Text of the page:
Audio Tour Aims to Reduce Wildlife-Vehicle Collisions
Thursday, September 1, 2022
More than 300 elk, deer, moose and other large animals are hit and killed on Teton County Roads each year.
Wildlife Highways in Teton County is a new audio listening tour which was recently launched to alert drivers to the risks of collisions. The app taps data collected by scientists, who have been tracking wildlife using GPS collars to identify where wildlife cross roads and highways.
Kristin Combs, executive director of Wyoming Wildlife Advocates, said because many collisions go unreported, the actual number is likely much higher.
"We kind of know where those areas are," Combs pointed out. "As you're traveling throughout the county, it prompts people to slow down in those corridors where we know animals are traveling, so that hopefully we're reducing rates of vehicle and wildlife collisions."
The audio tour is available for free on the TravelStorysGPS platform, and offers lively background to those yellow signs and slower speed limits on county roads. Combs said the goal is to share the magic of the area's incredible landscape and its many wild residents to visitors and locals alike who may not realize there are hotspots where wildlife are found at different times of the day and year.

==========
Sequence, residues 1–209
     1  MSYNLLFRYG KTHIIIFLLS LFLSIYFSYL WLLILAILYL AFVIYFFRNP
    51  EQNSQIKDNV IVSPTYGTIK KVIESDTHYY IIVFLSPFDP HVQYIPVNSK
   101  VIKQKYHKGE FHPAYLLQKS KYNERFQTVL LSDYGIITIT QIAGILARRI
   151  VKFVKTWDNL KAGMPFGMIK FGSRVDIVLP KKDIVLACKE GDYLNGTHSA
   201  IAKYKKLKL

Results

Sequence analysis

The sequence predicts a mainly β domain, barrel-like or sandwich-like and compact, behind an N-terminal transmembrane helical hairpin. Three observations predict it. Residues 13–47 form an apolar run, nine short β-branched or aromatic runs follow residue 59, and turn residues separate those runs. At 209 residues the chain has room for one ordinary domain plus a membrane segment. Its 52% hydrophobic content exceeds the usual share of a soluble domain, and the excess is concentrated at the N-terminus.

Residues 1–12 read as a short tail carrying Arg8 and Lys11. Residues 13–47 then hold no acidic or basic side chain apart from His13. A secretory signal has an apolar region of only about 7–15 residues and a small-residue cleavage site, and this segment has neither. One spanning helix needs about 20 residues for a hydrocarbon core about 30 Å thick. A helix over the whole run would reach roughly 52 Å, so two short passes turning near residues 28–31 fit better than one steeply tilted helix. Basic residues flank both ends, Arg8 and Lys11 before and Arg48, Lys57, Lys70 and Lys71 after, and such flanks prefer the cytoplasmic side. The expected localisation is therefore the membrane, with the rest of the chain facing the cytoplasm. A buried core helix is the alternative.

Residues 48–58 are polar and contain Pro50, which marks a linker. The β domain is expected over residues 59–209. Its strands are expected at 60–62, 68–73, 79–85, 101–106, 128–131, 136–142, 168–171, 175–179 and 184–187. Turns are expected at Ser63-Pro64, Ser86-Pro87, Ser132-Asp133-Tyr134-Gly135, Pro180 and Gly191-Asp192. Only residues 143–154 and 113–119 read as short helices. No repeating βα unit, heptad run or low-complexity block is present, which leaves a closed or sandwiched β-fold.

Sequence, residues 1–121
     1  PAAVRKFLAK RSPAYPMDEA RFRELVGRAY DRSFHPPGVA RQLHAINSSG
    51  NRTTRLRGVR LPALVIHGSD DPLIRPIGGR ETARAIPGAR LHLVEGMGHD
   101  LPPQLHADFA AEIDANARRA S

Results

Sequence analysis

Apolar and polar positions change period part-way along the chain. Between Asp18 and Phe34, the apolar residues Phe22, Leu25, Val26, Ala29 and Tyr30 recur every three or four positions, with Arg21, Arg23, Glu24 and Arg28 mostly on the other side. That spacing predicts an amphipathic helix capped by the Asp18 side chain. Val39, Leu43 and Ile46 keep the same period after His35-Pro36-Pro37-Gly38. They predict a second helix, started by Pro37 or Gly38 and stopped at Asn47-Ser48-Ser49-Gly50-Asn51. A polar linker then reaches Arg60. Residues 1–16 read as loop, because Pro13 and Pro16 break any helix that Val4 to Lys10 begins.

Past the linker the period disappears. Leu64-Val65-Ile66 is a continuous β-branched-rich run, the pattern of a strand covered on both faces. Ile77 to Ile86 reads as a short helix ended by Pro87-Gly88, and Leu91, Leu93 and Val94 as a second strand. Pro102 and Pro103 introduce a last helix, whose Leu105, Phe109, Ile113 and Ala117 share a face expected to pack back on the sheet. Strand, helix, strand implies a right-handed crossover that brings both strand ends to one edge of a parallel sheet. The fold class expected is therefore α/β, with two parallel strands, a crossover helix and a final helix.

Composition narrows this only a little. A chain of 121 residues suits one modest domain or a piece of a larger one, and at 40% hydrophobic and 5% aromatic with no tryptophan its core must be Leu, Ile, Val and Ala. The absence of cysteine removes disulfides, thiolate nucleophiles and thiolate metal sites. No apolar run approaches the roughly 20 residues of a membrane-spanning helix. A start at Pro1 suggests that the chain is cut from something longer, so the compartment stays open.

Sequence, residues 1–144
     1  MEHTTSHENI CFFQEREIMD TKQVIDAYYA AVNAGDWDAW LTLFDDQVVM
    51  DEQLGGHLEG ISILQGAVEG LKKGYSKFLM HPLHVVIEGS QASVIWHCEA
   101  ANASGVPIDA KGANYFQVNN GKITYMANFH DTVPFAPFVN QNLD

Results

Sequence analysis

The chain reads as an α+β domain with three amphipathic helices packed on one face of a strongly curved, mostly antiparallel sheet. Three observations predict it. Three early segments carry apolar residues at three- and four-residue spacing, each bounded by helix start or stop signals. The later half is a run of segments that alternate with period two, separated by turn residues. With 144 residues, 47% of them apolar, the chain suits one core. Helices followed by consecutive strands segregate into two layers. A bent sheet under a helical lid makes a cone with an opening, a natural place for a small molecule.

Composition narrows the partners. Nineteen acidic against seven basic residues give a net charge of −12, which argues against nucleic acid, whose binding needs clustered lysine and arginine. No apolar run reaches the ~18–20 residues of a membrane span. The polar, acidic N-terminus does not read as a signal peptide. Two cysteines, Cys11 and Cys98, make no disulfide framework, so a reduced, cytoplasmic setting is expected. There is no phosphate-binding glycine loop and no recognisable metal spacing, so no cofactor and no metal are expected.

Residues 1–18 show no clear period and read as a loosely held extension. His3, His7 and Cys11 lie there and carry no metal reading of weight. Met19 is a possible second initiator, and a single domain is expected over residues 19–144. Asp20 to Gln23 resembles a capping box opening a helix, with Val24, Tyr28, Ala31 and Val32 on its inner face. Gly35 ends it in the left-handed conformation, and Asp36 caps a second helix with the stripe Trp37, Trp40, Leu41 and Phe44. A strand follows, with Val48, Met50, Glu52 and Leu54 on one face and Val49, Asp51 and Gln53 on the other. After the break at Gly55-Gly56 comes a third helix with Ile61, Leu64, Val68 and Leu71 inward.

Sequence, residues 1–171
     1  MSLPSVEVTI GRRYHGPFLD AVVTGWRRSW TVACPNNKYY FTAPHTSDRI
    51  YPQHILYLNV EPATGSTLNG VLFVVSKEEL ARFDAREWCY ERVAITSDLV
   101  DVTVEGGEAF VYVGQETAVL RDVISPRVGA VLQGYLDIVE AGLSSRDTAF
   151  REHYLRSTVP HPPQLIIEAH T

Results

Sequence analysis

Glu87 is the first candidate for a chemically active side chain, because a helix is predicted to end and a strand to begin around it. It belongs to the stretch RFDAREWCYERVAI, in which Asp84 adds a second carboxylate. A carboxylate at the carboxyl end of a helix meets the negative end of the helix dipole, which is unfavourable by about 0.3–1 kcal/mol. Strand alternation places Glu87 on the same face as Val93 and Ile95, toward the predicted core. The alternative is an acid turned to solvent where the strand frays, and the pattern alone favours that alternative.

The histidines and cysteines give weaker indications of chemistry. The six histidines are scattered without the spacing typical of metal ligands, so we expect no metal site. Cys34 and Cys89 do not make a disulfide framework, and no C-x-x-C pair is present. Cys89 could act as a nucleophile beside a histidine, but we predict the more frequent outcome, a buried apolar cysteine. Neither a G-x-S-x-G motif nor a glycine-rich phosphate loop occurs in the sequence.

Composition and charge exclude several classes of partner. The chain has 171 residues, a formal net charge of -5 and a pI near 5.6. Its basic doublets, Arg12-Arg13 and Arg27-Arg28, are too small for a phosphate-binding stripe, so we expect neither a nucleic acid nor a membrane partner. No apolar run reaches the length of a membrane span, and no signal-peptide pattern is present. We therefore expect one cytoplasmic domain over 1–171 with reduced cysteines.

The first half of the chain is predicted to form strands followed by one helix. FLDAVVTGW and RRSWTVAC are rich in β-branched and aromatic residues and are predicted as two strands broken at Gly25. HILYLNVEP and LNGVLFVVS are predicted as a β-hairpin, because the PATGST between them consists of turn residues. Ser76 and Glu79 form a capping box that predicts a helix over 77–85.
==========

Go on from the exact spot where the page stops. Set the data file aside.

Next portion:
Statewide, more than 7,000 animals are lost each year to wildlife-vehicle collisions. The total cost of wildlife-vehicle collisions is estimated to be $55 million per year, and Combs noted collisions also come at a high price for drivers.
"People are also injured," Combs emphasized. "If we think about the cost to insurance companies and to individuals, if you're hitting something like an elk or a moose, that's going to pretty much total your vehicle."
The audio tour was written by local resident and journalist Brigid Mander, who discovered after moving from the big city, safe driving inside a thriving ecosystem is far from an innate skill. Combs added the tour paints a picture of how wildlife cross roads to access important habitat.
"This is just one more tool that we can use to hopefully reduce the impact that people are having on wildlife," Combs explained. "And making sure that we're keeping these migration corridors open so that wildlife can continue to move across the landscape."
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